This morning, I woke up from the smell of haze smoke; my throat went dry and my eyes become uncomfortable. Last night (19 Jun 2013), Singapore reached the PSI (Pollutant Standards Index) level of 321, the worst so far in the history of my country.
The haze is caused by the irresponsible slash-and-burn land clearing activities from a few greedy palm oil plantation business owners located in the neighbouring Sumatra islands of Indonesia.
The haze problem, if it prolongs, may impose potential risks to some businesses in the following industry:
The clean and green image of Singapore as a tourist destination may be affected. Famous outdoor attractions in the country may look gloomy and unattractive to the tourists. With the power of social media, bad word of mouth marketing may be quickly passed around from the unhappy tourists who are affected by the recent haze.
Food and Beverage
Many people may strike out the idea of alfresco dining for the time being. Nobody would want their food or drink to be added with some kind of "extra ingredients" from the smog. Hence, restaurant owners with much of their dining space outdoors, will be affected the most.
Companies in the construction industry may need to take extra care for their workers especially when the workers need to physically work long hours in the outdoor. Will productivity be affected? Possibly maybe. As health risk increases, the number of people taking medical leave may increase; while some employees, especially those with existing respiratory problems, may not be able to perform optimally as before.
Overcoming the Haze
Despite the poor air quality, I still see hardworking individuals, some with their face masks on, making their way to their workplaces in the morning hours. Children walking to schools while the mothers are out doing their marketing. Business is as usual for most of us despite that hazy situation.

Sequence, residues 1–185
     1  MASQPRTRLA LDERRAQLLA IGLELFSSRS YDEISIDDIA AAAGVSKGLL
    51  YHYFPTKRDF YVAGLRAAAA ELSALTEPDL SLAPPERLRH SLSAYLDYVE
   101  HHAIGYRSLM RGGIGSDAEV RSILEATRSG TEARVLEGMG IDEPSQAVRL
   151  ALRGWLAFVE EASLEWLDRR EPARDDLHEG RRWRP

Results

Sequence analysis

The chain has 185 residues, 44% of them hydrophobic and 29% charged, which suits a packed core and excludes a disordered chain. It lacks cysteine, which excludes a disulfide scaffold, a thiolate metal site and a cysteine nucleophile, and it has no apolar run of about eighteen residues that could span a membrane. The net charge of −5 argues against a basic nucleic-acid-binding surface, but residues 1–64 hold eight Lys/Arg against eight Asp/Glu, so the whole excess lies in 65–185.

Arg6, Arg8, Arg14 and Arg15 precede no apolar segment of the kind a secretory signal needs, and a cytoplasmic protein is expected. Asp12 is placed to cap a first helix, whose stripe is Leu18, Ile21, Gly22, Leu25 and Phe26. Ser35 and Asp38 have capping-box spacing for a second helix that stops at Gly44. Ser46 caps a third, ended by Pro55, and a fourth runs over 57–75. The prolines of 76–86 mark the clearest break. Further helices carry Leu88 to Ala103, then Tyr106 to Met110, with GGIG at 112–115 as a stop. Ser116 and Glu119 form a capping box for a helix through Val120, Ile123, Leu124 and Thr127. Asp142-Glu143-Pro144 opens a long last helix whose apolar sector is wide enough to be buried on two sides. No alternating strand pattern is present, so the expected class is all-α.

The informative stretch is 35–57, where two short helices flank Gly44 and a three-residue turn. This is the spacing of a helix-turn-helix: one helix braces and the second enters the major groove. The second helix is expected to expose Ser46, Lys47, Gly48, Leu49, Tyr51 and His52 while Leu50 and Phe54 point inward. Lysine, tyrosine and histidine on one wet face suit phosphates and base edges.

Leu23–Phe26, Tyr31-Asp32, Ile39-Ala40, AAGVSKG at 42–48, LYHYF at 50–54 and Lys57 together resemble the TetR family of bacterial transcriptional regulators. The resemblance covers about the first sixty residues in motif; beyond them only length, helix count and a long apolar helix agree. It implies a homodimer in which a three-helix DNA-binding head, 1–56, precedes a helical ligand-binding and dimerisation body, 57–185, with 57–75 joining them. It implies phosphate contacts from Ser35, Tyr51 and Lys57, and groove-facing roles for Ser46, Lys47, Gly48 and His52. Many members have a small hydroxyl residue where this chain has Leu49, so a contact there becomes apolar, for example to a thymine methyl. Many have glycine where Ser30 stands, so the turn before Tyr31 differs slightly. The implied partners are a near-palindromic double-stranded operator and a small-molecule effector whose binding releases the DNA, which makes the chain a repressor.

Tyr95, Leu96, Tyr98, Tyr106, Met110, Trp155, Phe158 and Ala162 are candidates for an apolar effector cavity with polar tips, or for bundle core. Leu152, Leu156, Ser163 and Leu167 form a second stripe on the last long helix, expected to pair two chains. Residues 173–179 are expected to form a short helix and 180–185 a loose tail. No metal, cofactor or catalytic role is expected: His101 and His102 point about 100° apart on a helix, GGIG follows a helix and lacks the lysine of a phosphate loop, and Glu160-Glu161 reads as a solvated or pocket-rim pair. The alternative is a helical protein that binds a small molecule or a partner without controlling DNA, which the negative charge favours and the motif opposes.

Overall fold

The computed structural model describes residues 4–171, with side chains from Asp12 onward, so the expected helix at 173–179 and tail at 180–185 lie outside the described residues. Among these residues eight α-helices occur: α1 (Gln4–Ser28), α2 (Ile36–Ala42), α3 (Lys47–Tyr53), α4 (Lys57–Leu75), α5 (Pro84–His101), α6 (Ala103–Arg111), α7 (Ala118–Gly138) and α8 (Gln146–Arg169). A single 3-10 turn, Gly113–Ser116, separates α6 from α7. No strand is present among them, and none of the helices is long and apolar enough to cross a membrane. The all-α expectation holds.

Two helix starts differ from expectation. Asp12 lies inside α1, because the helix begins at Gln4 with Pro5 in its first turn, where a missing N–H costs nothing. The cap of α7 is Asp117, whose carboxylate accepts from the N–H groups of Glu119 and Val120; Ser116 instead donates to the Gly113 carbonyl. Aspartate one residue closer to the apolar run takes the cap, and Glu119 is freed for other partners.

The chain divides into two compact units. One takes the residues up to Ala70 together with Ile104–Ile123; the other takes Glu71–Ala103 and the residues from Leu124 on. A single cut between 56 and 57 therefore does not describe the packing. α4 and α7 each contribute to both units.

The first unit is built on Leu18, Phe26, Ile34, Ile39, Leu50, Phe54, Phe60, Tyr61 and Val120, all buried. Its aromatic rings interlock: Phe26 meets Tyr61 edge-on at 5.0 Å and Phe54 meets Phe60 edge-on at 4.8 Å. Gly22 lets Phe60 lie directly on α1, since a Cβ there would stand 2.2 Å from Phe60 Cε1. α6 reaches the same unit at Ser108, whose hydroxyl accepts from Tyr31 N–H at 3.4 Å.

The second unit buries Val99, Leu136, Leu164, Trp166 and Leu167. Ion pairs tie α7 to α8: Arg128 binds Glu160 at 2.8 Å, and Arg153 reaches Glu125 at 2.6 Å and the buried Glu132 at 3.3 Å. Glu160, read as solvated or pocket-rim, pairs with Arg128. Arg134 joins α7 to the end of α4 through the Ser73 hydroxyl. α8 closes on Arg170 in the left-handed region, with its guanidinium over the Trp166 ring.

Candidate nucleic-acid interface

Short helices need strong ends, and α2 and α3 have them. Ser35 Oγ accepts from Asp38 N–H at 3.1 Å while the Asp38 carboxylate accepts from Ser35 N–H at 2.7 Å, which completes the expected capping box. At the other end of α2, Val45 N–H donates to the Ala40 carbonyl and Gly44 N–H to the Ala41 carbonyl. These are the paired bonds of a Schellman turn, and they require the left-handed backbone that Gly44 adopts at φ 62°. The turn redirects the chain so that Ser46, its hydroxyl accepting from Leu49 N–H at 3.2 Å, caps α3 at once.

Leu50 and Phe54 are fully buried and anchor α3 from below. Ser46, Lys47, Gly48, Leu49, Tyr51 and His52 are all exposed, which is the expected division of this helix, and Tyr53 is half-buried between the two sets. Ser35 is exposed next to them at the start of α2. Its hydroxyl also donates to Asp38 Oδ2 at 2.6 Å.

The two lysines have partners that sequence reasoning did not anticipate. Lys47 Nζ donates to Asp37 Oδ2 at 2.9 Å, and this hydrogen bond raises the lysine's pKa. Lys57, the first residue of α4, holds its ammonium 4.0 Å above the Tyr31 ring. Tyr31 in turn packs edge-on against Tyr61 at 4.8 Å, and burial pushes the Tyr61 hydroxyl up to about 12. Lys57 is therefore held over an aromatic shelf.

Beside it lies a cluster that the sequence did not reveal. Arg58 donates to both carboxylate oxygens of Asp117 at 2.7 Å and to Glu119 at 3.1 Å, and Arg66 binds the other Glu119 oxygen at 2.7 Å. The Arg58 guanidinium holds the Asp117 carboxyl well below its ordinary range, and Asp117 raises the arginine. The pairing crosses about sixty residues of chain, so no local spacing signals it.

This is something I love about Singapore. We have come a long way as a nation, overcoming various challenges such as the SARS in 2003, the dengue, the economic crisis in 2008 and come what may; this haze is perhaps something that we can also overcome eventually.
And of course, we want the root cause of this haze problem (that is, the few irresponsible palm tree plantation owners) to be resolved once and for all too.
Just like what our environment minister, Mr Vivian Balakrishnan mentioned in one of his Facebook posts about his suggestion to the Indonesian Environmental Minister, "I suggested Minister Kambuaya name the companies responsible for the fires - (as I am sure consumers will know what to do)."
The views expressed in this column are the author's own and do not necessarily reflect this publication's view, and this article is not edited by Singapore Business Review. The author was not remunerated for this article.
Do you know more about this story? Contact us anonymously through this link.
Jacky Tan is a professional marketing writer, blogger, speaker, and the author of 'Social M - How Your Startup Can Take On the Big Boys'. Jacky leads the boutique marketing communications and branding agency, Jack and Chaz Pte Ltd. He specialises in the creation of successful branding, content marketing and pr strategies for companies of any size.